Taking the 28-Day Pill
This handout will explain how to take the 28-day birth control pill. If you have any questions, please ask your health care provider.
How Does the Pill Work?
When taken as advised, the pill:
- Stops the ovary from releasing an egg.
- Thickens cervix mucus to stop the sperm from joining an egg.
- Alters the lining of the uterus.
How Effective is the Pill?
- The pill is 95-99% effective in preventing pregnancy if taken within 2 to 3 hours of the same time every day.
Other Benefits of the Pill
- Periods are less heavy, are shorter in length, and have fewer cramps.
- Risk for ovarian and uterine cancer is decreased.
- Risk of ovary cysts is decreased.
- Acne often improves.
- Risk of benign breast conditions is decreased.
- May protect against osteoporosis, endometriosis, and rheumatoid arthritis.
Instructions for Taking the 28-Day Pill
1. Start taking your pills:
_____ on the Sunday after your period begins
_____ the first day of your period
2. Take one pill each day until you have taken all 28 pills. Take the pill within 2 to 3 hours of the same time each day. The last 7 pills contain no hormones, but help keep you in the habit of taking a pill each day.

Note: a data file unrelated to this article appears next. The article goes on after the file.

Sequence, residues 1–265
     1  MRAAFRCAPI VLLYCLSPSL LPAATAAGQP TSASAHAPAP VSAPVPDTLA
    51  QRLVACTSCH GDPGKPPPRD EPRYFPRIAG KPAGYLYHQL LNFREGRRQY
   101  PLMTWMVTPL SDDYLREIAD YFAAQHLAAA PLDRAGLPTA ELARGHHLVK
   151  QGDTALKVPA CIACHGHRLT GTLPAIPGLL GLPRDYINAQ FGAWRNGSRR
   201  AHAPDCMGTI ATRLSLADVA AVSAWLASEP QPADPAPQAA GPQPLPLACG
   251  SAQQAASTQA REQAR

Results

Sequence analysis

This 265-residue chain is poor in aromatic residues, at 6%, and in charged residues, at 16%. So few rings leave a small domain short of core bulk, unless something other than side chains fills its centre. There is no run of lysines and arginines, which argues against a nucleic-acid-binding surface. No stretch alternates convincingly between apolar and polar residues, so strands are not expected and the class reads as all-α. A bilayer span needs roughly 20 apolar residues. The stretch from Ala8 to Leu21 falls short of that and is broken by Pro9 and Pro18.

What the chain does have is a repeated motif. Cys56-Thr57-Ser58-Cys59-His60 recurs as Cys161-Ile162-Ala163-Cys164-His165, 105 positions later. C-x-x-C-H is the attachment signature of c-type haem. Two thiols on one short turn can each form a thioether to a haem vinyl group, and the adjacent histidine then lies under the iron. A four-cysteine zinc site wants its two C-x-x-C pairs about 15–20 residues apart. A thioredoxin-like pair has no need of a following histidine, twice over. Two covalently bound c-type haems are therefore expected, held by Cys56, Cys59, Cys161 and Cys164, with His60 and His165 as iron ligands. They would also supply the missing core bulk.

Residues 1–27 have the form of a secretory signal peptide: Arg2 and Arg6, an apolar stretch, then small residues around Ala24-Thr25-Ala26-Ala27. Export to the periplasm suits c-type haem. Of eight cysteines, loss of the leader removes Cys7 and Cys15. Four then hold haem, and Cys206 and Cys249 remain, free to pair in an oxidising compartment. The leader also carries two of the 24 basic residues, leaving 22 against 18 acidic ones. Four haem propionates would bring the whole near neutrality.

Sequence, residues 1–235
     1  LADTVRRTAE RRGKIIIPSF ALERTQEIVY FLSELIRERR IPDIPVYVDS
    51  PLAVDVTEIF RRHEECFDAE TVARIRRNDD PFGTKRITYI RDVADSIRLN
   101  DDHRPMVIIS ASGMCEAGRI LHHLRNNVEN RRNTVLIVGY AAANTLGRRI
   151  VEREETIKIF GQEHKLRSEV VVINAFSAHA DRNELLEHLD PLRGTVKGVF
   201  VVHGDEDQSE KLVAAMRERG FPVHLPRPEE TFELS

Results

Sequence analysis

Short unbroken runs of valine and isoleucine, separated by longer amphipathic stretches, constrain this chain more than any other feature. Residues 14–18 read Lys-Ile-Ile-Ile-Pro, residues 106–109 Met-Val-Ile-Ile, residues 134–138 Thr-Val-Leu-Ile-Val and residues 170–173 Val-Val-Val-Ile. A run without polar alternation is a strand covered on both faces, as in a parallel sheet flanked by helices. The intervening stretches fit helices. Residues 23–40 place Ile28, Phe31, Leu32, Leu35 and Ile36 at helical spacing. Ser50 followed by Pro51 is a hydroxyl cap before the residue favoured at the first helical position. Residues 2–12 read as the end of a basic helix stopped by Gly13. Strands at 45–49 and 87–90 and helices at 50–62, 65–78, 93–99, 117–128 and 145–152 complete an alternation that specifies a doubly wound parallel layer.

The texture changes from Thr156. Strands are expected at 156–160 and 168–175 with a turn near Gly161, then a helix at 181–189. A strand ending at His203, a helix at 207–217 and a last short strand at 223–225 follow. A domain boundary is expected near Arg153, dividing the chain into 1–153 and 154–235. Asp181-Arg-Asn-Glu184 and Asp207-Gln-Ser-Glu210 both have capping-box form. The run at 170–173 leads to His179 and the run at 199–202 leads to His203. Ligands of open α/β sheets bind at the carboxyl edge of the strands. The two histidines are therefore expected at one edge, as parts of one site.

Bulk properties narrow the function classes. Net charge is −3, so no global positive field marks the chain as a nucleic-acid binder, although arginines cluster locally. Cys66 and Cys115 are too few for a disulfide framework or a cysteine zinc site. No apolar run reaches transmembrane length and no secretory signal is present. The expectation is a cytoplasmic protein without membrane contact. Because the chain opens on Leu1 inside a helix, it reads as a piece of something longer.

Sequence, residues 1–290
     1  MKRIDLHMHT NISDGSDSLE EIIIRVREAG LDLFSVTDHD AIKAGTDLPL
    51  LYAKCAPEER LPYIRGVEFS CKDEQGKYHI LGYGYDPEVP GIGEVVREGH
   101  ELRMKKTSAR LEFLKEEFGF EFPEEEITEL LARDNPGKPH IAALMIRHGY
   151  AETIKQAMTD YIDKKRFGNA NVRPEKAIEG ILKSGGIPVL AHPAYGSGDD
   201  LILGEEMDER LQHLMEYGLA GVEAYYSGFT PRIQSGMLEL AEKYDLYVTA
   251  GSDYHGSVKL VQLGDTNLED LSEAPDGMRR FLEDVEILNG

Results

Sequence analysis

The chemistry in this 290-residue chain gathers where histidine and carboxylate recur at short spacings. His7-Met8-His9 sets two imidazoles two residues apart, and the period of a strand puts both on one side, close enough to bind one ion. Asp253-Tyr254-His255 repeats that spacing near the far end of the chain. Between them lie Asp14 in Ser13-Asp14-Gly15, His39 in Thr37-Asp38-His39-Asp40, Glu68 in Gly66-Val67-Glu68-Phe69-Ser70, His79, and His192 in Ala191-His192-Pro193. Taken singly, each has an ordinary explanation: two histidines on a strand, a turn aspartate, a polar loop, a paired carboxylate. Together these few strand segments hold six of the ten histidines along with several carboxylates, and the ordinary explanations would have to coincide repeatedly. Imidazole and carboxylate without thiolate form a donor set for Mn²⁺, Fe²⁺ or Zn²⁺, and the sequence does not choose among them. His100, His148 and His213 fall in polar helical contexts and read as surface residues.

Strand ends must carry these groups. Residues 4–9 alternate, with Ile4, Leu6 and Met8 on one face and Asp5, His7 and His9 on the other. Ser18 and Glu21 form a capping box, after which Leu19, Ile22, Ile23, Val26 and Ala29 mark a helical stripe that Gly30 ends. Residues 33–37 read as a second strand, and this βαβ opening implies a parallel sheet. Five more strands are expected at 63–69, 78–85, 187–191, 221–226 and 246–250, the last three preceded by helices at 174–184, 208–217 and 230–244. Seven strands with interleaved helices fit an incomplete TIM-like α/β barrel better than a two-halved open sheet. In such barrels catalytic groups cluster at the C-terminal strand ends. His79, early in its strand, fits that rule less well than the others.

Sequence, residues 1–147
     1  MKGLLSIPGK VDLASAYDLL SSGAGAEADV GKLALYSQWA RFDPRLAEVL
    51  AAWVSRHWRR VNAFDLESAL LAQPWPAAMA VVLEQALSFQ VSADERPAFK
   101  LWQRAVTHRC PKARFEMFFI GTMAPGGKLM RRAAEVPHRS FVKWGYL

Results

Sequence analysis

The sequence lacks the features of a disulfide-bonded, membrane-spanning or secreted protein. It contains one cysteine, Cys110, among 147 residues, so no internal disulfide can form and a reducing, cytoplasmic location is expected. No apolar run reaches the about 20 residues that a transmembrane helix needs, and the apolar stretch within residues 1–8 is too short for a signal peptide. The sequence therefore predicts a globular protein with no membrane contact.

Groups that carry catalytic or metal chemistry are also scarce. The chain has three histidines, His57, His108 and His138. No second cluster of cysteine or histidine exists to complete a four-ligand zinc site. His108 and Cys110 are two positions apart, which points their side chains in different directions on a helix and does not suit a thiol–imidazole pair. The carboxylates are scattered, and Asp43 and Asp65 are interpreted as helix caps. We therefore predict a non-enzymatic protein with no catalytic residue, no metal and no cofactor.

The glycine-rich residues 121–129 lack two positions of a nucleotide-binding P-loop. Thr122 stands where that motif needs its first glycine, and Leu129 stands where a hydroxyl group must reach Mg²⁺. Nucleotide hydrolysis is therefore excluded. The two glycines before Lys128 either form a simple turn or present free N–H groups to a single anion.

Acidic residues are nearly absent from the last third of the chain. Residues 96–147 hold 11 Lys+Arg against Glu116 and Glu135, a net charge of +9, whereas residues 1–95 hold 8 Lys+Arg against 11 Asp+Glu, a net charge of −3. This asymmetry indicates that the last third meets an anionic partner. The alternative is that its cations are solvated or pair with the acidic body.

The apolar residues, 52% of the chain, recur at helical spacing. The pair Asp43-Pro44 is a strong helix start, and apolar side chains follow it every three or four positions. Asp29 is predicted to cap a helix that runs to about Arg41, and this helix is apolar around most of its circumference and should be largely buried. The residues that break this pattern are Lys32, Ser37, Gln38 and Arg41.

3. For the first month only, if you start on the first Sunday of your period, you will not be safe from getting pregnant until you have taken the pills for 7 days. During that time be sure to use a second method of birth control, such as foam or cream and/or a condom. If you start the pill on the first day of your period, you are safe right away and will not need back up birth control methods.
4. After finishing a pack, start a new pack the very next day. There will never be a day when you do not take a pill.
5. Do not skip pills even if you are spotting or bleeding between periods. Spotting may occur for the first 1 to 3 packs, and should go away by the end of the first 3 to 6 months. Call your health care provider if the bleeding becomes heavy or concerns you.
6. Do not skip pills even if you feel nauseous. Try switching your pill to a different time of day, such as bedtime or with a light meal.
What Should I Do if I Forget to Take a Pill?
How late are you in taking your pill?